Gillean Callaig/Hogmanay lads

Scotland has so many interesting, local folk traditions surrounding Hogmanay, which is a particularly special time for us compared to neighbouring countries for historical reasons. Some of these have fallen out of use over the years, but others have continued on in one form or another. In this wee post I’d like to look at one such custom and how it has changed to adapt to modern times 🗓

To introduce it, here’s a quote from Beating the Skin by Raghnall Mac Ille Dhuibh – originally published in the West Highland Free Press in 1988 & archived online on the wonderful The Quern-Dust Calendar website:

“There are a number of interesting aspects to the traditional
celebration of oidhche Challainn
(Hogmanay) in Gaelic Scotland,
but I would like to concentrate
here the one of the best remembered of them and ask - WHY?
At the centre of it, down to 1919
or so in Lewis was the dried skin of a bull or cow, in earlier limes a goat, or more recently a sheep. A party of gillean Callaig or balaich Callainn (Hogmanay lads - oidhche Challainn, unlike Hallowe’en, being strictly for the boys only) would go from house to house while others beat at the skin and the walls with sticks and clubs, chanting
a rhyme…”

➡️ Tap/click to read the rest of the article

Here’s an additional rhyme collected by folklorist John Gregorson Campbell in the mid-1800s – this relates to the above article from almost a century later mentioning the figure represented by the person wearing the skin sometimes being characterised as a Cailleach (old woman/hag):

“A Challainn a' bhuilg bhuidhe bhoicinn,
Buail an craiceann (air an tobhta) -
Cailleach sa chill,
Cailleach sa chùil,
Cailleach eile ‘n cùil an teine,
Bior 'na dà shùil,
Bior 'na goile
A' Challainn seo:
Leig a-staigh mi.”

Translation:
“The Callainn of the yellow bag of hide,
Strike the skin (upon the wall) -
An old wife in the graveyard,
An old wife in the corner,
Another old wife beside the fire,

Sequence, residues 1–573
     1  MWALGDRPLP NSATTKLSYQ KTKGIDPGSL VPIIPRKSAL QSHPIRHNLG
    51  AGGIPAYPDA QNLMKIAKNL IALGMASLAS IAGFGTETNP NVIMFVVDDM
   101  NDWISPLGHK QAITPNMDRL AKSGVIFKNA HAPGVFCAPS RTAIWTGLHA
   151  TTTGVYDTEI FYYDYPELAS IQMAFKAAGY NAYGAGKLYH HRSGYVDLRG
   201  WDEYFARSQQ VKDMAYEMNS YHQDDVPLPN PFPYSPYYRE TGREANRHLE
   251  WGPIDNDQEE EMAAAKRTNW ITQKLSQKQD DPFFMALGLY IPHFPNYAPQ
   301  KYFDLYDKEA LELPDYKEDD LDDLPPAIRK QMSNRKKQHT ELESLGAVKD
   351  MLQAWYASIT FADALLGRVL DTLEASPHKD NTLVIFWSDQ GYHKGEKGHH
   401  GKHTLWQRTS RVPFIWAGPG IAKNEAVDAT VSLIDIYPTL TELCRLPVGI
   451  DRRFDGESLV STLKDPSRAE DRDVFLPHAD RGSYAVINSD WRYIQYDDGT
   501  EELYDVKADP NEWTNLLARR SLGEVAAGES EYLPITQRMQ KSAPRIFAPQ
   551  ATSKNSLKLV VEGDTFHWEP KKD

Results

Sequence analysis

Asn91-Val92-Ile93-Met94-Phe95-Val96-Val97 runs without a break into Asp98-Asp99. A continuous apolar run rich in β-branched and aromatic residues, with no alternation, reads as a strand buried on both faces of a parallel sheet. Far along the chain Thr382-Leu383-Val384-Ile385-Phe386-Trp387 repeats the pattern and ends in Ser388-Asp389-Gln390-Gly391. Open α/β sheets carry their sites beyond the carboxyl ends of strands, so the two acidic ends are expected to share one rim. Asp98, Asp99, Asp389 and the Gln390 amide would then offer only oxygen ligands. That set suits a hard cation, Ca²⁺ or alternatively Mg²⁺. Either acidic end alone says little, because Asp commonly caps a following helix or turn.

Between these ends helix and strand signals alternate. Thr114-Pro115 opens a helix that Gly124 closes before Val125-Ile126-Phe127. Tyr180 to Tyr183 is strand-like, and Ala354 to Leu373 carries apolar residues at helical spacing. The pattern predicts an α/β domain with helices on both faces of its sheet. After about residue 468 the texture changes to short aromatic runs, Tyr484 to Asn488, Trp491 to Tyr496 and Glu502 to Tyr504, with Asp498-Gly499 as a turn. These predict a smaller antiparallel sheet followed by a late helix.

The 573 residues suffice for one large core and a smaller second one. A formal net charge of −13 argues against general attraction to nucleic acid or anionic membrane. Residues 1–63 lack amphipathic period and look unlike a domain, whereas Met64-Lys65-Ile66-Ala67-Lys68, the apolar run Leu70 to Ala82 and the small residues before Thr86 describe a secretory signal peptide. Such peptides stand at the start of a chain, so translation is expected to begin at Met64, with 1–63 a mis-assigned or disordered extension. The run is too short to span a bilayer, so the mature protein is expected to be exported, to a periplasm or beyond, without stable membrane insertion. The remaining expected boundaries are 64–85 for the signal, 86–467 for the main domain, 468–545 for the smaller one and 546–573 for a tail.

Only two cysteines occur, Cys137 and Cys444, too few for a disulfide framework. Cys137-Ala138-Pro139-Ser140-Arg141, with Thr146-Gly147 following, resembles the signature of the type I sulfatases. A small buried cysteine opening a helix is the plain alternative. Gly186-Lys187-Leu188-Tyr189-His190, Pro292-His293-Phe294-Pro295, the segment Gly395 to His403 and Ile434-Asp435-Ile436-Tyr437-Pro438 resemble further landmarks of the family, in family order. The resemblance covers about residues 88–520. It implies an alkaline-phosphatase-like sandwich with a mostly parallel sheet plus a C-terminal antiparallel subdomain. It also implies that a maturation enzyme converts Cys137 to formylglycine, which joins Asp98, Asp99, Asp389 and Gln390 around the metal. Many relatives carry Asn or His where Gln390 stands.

A pointed stick in her two eyes,
A pointed stick in her stomach
This Callainn:
Let me in, open this.”

📚 These – quite sinister! – quotes were taken from The Gaelic Otherworld by John Gregorson Campbell, edited by Robert Black. Just one of the many situations where the Scottish Gaelic title “Cailleach ” pops up throughout the year. This book of course has loads more info about Hogmanay customs and other Scottish Gaelic traditions. If you can’t get a hold of this particular, highly recommended, edition then the 2 books it’s mainly made up of – Superstitions of the Highlands and Islands of Scotland and Witchcraft and the Second Sight in the Highlands and Islands – are often easier to find.

🎧 Tobar An Dualchais also has recordings of people talking about their memories of this tradition so have a search and listen there or through their Facebook page.

🔥 Lastly, I was lucky enough to attend the Winter’s Last (2021) online event at the beginning of the year, and one of the speakers did a presentation on oidhche Challainn (Hogmanay) traditions of Stoneybridge, South Uist, where he grew up. It was great to hear about efforts to keep customs like the above mentioned “Hogmanay boys” going by going round the doors with groups of kids that include anyone who wanted to join, not just boys. It was also fascinating to see a demonstration of the Casein Uchd, also mentioned in Beating the Skin, in action. For anyone interested the speaker’s name was Kenny Beaton, a native Gaelic speaker who has worked on projects such as Tobar an Dualchais, and he can be found on Twitter with @coinneachpeutan.

I hope this post was an enjoyable read and got you thinking about Hogmanay in your area – what did people used to do? What do people still do now? 💭

📸 Featured photo credit: Pexel

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